Written by Yves Congar
(Doubleday and Company, Inc., 1968)
Reviewed by Colin Kerr
I had originally intended this review for the Fall edition – due out in about a month. But due to the great volume of content already lined up, I decided to keep this for the website. You may think it peculiar to put a book like this in an “education special feature.” And yet I would have done so without apology for the simple fact that theology has itself always been understood by the Church as the telos, the end, the goal of education. Should it still be viewed as such? We certainly see that it isn’t being so considered.
But what is theology? How we define it will have a great number of implications for our understanding of education. How we define poetry determines how we go about learning to write not only it but anything at all. Aristotle had to define man before he could talk about his politics. Man was made to be happy, therefore politics would have to be oriented to bringing that about.
It would be easy enough to expose the various presuppositions that well-known theologians have brought into their work. Their products weren’t accidental.
If I had to sum-up the history of theology as it was presented to me during my formation, it would be: “The Church of the Apostles was a perfect place of love, peace and equality, with women ministering exactly as the men did; the Scriptures were central; the mass did not, as such, exist. Then something changed and the Bible was ignored until about 1962, when we finally learned the true faith from German Protestant Scripture scholars.”
If you believe in the Catholic Church as the Body of Christ—if you do—you will find something altogether unpalatable in such a view. You might not know exactly what’s wrong with it, but the idea that the Church can loose and then regain the Faith (from outsiders nonetheless!) just does not sit right. There was a good ten years when Catholics as a whole believed that doctrine cannot fundamentally change. That was from roughly 2000-2010, give or take. Now, things have suddenly returned to the turmoil of the 70s and 80s. Once again people are talking about the whether the Church has always taught that marriage was indissoluble, whether homosexuals should marry, and all that, just like we did in the mad age before St. John Paul and Pope Benedict.
Whenever you hear about someone challenging a teaching of the Church they say something like “the Church did not always do that.” That’s an effective tactic because not too many Catholics know Church history well enough to offer a formidable reply.
This history can help alleviate the all-too common and obnoxious claim that the Vatican II Council Fathers suddenly rediscovered Scripture, for one. Congar was no hard-core conservative, but he knew and loved the Faith – all of its aspects and eras. The history of the study of theology he presents here is pretty fair and quite unbiased. It’s no good to think that St. Thomas is and has always been presented by the papacy as the cure-all for every theological question. The papacy simply does not do that. You may believe he provides the answer to all theological problems, but that would be your opinion, not the Church’s official and immutable teaching. You would therefore have to argue for why the Church should teach it not for why it does teach it. Congar likes every era of church History, and he is uniquely able to see both the good and bad aspects of all of them. Unlike the text books I was presented with during my studies, he does not believe the truth was discovered in 1962. But again, neither does Congar make it easy to refute Thomas’s centuries of importance.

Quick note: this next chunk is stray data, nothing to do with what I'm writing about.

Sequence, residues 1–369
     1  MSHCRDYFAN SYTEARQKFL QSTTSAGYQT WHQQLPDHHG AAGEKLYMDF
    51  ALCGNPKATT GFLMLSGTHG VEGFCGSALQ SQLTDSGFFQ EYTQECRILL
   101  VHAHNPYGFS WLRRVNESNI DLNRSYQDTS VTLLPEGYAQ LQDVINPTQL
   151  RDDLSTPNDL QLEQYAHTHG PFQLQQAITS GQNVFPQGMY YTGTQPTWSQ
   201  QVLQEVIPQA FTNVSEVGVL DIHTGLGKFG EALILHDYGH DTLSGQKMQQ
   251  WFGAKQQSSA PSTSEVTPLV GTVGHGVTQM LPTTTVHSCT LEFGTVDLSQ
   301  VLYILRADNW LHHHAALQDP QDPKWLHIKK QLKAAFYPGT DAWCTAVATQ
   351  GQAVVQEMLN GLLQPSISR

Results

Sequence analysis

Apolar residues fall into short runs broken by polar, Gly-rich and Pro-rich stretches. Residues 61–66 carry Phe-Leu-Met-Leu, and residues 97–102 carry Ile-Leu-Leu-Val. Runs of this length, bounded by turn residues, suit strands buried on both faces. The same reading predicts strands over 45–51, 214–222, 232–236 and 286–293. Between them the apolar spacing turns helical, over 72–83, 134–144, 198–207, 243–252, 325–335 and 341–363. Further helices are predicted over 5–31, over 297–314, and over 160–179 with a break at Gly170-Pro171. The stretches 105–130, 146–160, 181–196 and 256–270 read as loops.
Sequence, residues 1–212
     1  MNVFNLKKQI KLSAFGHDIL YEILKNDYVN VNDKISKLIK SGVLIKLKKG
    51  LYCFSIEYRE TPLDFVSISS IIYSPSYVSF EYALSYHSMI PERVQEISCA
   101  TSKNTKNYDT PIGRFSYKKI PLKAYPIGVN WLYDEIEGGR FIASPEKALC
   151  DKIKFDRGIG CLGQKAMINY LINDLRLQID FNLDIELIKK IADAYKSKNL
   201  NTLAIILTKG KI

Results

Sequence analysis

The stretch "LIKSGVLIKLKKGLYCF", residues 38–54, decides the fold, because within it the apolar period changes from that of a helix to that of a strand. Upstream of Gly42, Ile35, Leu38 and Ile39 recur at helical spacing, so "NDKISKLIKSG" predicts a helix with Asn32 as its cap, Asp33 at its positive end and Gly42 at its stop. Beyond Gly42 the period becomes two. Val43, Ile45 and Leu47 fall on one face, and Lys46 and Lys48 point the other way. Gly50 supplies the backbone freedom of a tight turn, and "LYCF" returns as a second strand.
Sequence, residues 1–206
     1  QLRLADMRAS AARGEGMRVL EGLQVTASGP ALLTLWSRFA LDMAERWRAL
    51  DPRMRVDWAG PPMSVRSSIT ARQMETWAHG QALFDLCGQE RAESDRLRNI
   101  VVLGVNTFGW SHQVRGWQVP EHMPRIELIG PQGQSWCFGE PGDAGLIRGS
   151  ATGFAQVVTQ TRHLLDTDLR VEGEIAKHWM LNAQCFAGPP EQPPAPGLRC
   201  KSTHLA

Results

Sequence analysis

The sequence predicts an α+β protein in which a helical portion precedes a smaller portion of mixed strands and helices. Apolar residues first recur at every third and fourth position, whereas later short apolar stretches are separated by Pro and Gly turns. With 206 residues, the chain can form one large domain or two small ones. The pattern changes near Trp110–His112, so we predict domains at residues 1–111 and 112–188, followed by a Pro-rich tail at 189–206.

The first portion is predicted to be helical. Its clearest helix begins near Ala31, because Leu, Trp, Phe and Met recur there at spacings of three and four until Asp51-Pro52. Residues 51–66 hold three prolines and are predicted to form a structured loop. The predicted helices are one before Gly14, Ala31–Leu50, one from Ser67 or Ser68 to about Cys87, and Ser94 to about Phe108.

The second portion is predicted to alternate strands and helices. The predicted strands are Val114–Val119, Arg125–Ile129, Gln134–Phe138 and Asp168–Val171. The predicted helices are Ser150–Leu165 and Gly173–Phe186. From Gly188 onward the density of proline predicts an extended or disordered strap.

As a student of theology, judging from the books and the professors I had, you would have thought that nothing good happened from the 13th to the mid-20th Century. Congar presents quite another impression.
Now, the book is a little dated, as the English edition dates back to 1968, but I think that, rather than being a liability, this helps us to see how things looked before the “Spirit of Vatican II” textbooks took over, the ones to which I was subject in the mid-90s. After all, Congar was one of the great theologians of this age, and those who compiled the textbooks to which I was subject were not. Writing out of his greatness he is able to see the virtues and vices that were a part of every movement. Not many have actually read all the sources they presume to pass judgement on. Congar clearly has.
You will never know where theology is supposed to go unless you chart where it has already gone. This book would serve that purpose well. It is audacious to chart the direction is should go without having traced the course it has followed thus far. Why do so many presume to do this? It’s lazy and irresponsible.
The final approximately 50 pages don’t exactly follow the program suggested by the title: they do not contribute to a history of theology, but rather constitute an argument about its future. It’s a nice contrast to Lonergan’s Method in Theology, and well-worth reading for anyone with strong opinions on the matter.